A typical project will be spread over six to eight weeks, starting with a brief given by the sponsor.

It will involve a focused problem or opportunity analysis, data collection and multiple interactions with project sponsors. During the two weeks of international immersion, being hosted at the National University of Singapore, students will present their recommendations to the sponsoring organisation.

IIM-B has also reduced the work experience criterion for executives to 5-15 years for next year from 7-15 years, so as to attract a wider set of executives.

“One of the significant changes over the past two years at SP Jain has been the focus on the international immersion programme,” adds Indu Niranjan, a professor of finance and deputy director of the PGPM programme at the institute. SP Jain has tied up with highly-ranked schools in the US, and the participants will be going there for three weeks’ advanced courses in the area of specialisation, she says.

The schools for this year are NYU Stern for finance, Michigan State University for business analytics and operations and USC Marshall Business School for marketing. “We are looking at creating concentrations within the specialisation to increase the employability of the participants and enable them to be more focused in the domain and function,” says Niranjan.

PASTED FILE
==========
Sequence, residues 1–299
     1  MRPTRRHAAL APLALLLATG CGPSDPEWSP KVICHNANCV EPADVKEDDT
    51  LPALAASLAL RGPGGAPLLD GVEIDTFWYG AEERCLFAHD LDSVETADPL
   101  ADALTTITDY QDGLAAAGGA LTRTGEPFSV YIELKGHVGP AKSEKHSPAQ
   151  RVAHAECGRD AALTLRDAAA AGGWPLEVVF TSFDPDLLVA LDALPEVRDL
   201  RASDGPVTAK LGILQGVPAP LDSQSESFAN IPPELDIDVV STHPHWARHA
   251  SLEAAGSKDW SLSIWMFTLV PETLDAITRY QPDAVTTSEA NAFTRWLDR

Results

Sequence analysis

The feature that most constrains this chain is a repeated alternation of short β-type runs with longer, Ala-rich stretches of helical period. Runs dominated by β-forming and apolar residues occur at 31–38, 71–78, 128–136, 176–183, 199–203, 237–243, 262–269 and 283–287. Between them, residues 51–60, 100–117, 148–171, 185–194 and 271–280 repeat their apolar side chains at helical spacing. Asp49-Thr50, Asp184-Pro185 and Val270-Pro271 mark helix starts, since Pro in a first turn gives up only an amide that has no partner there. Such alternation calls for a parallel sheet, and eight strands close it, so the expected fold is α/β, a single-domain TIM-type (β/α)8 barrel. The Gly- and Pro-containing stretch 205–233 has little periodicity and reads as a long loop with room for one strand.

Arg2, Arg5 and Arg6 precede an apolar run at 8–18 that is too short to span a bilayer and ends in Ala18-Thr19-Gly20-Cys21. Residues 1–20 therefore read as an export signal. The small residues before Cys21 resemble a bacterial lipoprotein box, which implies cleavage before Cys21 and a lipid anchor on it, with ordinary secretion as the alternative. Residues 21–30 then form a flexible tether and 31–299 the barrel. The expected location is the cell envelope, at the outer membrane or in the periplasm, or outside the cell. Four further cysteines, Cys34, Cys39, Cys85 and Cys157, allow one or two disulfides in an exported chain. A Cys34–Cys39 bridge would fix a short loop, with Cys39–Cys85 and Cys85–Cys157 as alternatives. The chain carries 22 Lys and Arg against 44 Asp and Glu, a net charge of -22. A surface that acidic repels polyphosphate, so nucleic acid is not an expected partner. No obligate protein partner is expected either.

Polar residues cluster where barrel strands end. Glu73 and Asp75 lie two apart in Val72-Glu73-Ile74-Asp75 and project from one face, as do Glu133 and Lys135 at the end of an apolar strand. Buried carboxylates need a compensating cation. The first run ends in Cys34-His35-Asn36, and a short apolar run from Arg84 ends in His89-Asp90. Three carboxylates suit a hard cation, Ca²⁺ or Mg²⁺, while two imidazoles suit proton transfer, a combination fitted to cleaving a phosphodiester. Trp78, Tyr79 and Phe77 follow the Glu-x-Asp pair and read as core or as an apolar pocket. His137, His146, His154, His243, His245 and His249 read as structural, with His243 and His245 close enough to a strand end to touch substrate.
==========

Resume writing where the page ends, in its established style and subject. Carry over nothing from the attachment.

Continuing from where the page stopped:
At IIM Lucknow, the international business module will be held at ESCP Europe, Berlin and Paris in September. The focus will be on managing complexities and prospects in the European business environment. Indian business schools compete seriously with other global business schools, says William Litwack, a consultant for IIM Bangalore’s EPGP who has worked on projects for Instead.

“In terms of average GMAT scores, project work and the international immersion component, some of these schools are at the same level as global B-schools offering a one-year MBA,” he says. The number of class hours are almost the same as a two-year MBA, and these professionals have to work harder, he adds.
But KPMG’s Ramswamy feels there is still a long way to go. “Indian business schools need to be much more agile and flexible according to the changing needs of industry, like global business schools,” he says. If institutes focus on non-traditional modes of course content and faculty, the one-year MBA can reach greater heights, he says.